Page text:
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Title: Gene expression patterns following unilateral traumatic brain injury reveals a local pro-inflammatory and remote anti-inflammatory response      
Transcriptome or Gene expression
Abstract Background Traumatic brain injury (TBI) results in irreversible damage at the site of impact and initiates cellular and molecular processes that lead to secondary neural injury in the surrounding tissue. We used microarray analysis to determine which genes, pathways and networks were significantly altered using a rat model of TBI. Adult rats received a unilateral controlled cortical impact (CCI) and were sacrificed 24h post-injury. The ipsilateral hemi-brain tissue at the site of the injury, the corresponding contralateral hemi-brain tissue, and naïve (control) brain tissue were used for microarray analysis. Ingenuity Pathway Analysis (IPA) software was used to identify molecular pathways and networks that were associated with the altered gene expression in brain tissues following TBI. Results Inspection of the top fifteen biological functions in IPA associated with TBI in the ipsilateral tissues revealed that all had an inflammatory component. IPA analysis also indicated that inflammatory genes were altered on the contralateral side, but many of the genes were inversely expressed compared to the ipsilateral side. The contralateral gene expression pattern suggests a remote anti-inflammatory molecular response. We created a network of the inversely expressed common (i.e., same gene changed on both sides of the brain) inflammatory response (IR) genes and those IR genes included in pathways and networks identified by IPA that changed on only one side. We ranked the genes by the number of direct connections each had in the network, creating a gene interaction hierarchy (GIH). Two well characterized signaling pathways, toll-like receptor/NF-kappaB signaling and JAK/STAT signaling, were prominent in our GIH. Conclusions Bioinformatic analysis of microarray data following TBI identified key molecular pathways and networks associated with neural injury following TBI. The GIH created here provides a starting point for investigating therapeutic targets in a ranked order that is somewhat different than what has been presented previously. In addition to being a vehicle for identifying potential targets for post-TBI therapeutic strategies, our findings can also provide a context for evaluating the potential of therapeutic agents currently in development. Overall design: The ipsilateral hemi-brain tissue at the site of the injury, the corresponding contralateral hemi-brain tissue, and naïve (control) brain tissue (n=3 for each) were used for RNA isolation. The TBI injured animals were Todd 1, 2 Todd, and Todd 3, each yielding an ispilateral and contralateral sample. The naïve animals were Xu 13 control, Xu 2 control, and Xu 6 control.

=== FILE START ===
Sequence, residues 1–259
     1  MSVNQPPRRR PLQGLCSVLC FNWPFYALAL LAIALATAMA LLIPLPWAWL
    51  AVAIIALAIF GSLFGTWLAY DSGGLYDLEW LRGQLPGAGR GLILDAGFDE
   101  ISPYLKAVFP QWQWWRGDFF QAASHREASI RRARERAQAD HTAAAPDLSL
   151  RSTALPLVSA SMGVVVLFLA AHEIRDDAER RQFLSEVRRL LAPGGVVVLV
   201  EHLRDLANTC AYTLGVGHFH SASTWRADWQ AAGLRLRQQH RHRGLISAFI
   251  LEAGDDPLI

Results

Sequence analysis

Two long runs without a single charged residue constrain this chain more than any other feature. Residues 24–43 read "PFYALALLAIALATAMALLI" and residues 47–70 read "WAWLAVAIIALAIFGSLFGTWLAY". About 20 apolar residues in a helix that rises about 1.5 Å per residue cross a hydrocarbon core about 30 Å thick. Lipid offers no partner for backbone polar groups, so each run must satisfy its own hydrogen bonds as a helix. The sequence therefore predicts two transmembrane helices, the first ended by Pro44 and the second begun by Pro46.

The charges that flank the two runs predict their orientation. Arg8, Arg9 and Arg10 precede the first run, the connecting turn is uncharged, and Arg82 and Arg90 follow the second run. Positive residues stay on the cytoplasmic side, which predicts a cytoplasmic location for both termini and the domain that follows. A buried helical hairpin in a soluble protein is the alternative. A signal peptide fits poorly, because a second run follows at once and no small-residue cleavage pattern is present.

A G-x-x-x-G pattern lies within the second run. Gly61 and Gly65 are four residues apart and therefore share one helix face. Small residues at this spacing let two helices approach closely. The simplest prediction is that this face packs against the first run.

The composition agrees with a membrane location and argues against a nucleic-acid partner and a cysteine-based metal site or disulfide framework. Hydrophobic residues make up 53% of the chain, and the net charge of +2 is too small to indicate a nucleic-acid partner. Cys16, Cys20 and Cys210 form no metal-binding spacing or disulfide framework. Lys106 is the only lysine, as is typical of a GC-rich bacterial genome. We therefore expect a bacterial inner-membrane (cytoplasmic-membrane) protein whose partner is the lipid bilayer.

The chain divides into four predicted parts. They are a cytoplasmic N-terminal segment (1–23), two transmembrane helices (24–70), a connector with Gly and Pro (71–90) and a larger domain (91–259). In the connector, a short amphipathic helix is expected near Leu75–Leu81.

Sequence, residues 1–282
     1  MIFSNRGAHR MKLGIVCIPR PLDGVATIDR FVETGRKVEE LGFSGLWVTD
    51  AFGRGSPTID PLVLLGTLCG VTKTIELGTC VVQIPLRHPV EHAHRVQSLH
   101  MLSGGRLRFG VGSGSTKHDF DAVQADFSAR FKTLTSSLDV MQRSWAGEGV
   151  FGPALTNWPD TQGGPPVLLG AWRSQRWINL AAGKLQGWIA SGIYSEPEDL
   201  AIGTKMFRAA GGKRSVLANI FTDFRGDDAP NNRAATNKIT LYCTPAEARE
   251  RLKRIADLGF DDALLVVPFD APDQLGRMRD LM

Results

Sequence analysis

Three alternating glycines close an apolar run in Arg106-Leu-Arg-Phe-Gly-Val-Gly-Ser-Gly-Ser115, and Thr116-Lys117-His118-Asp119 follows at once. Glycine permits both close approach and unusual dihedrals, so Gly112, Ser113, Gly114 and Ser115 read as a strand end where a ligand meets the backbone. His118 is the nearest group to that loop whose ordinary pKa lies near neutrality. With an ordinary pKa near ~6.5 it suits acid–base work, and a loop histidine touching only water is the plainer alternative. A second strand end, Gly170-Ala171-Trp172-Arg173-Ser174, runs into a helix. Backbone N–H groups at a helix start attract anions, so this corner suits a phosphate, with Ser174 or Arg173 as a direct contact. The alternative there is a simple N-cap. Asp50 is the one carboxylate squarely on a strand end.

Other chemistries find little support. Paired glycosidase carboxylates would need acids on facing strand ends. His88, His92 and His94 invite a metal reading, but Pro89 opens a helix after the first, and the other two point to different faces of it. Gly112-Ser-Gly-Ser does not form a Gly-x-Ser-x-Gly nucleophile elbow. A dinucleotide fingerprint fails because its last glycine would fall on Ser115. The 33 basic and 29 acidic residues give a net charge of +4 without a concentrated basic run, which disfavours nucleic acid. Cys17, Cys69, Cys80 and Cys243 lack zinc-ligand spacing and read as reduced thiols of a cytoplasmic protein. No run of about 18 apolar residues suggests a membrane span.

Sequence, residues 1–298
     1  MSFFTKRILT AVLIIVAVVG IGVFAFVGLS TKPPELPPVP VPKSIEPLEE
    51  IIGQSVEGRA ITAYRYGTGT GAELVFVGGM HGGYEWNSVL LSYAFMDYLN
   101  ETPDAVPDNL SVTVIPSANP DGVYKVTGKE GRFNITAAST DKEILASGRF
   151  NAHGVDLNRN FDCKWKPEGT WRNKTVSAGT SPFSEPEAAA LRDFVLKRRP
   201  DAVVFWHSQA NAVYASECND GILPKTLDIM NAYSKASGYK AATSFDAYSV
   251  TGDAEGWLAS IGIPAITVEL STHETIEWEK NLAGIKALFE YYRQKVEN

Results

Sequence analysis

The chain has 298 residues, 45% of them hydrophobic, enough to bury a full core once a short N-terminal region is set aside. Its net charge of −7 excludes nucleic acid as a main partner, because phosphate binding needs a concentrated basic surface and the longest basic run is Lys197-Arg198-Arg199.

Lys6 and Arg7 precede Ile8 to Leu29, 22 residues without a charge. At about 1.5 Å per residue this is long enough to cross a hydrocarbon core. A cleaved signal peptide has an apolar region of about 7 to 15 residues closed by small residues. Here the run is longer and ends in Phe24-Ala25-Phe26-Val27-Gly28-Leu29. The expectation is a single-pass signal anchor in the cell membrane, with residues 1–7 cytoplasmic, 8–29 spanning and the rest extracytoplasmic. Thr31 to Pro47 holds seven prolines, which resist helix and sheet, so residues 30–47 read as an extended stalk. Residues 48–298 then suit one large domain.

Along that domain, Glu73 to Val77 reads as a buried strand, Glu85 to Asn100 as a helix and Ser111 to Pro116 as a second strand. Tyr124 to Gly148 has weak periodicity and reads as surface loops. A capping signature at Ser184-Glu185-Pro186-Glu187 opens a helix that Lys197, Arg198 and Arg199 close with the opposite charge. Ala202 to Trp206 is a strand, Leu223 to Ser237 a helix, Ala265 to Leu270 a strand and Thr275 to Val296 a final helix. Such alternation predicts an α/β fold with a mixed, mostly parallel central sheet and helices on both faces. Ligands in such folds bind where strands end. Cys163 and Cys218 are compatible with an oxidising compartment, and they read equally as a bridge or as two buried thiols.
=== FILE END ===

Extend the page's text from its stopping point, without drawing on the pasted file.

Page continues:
Rattus norvegicus
National Center for Biotechnology Information
NCBI BioProject
  • TL1 RR025010/RR/NCRR NIH HHS/United States

  • T15 LM007056/LM/NLM NIH HHS/United States

  • KL2 TR000455/TR/NCATS NIH HHS/United States

  • KL2 RR025009/RR/NCRR NIH HHS/United States

  • G12 RR003034/RR/NCRR NIH HHS/United States

  • U01 NS 057993/NS/NINDS NIH HHS/United States

  • 52006306/Howard Hughes Medical Institute/United States

  • U54 NS060659/NS/NINDS NIH HHS/United States

  • 5P20M006131-02/PHS HHS/United States

  • U54 RR026137/RR/NCRR NIH HHS/United States

  • S21MD000101/MD/NIMHD NIH HHS/United States

  • TL1 TR000456/TR/NCATS NIH HHS/United States

  • UL1 TR000454/TR/NCATS NIH HHS/United States

  • UL1 RR025008/RR/NCRR NIH HHS/United States


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